Kindergarten immunizations up in 2015-16

The Department of Health said that kindergarten immunization coverage for school year 2015 – 2016 increased by 2.2 percent over the previous school year.

The increase means that 85 percent of Washington state kindergartners had the required vaccines to start school.

“Immunization is one of the best ways to protect our children from diseases vaccines can prevent,” said Secretary of Health John Wiesman. “We feel like we’re starting to turn a corner. A lot of people worked hard to make this happen, including school districts, local health departments, health care providers and parents.”

The agency noted that the measles outbreak in Washington last year probably helped raise awareness of the need to get all kids immunized.

This school year, 95 percent of all schools submitted immunization data, up 2 percentage points from last year.

Immunization exemptions remained the same at 4.5 percent. Students are granted exemptions from a vaccine for medical, personal, and religious reasons.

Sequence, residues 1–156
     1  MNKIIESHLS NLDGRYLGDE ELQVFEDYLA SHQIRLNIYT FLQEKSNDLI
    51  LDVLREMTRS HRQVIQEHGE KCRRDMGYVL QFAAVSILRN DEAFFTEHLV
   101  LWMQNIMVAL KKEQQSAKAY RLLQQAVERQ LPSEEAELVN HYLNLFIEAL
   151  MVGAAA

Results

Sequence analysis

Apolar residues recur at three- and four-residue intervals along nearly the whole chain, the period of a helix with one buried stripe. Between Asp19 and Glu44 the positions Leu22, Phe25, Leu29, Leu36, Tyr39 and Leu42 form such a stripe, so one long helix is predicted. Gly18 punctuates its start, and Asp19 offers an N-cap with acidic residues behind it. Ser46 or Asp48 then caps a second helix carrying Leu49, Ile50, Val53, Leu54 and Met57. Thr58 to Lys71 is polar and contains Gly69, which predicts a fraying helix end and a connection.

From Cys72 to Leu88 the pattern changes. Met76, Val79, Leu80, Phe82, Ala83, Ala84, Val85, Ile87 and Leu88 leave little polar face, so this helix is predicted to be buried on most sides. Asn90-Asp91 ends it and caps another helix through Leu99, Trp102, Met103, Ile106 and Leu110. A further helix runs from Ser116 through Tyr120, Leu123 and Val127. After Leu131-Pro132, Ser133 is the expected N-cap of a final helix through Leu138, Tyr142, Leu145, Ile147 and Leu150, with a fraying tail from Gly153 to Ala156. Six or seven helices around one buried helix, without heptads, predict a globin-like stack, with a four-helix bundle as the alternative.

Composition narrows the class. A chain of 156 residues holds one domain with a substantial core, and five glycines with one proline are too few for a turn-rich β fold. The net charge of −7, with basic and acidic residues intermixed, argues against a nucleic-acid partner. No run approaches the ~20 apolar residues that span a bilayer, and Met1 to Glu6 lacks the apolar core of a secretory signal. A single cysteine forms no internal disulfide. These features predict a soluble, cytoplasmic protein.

The number of kindergartners who were out-of-compliance was 8.6 percent, a 2.3 percentage point decrease from the previous school year.  Out-of-compliance means that a student is missing the required immunization paperwork.

Information about immunization requirements can be found at the department’s website. Washington state provides vaccines at no cost for all kids through its Childhood Vaccine Program.

For help finding a health care provider or an immunization clinic, contact your local health department or the Family Health Hotline at 1-800-322-2588.



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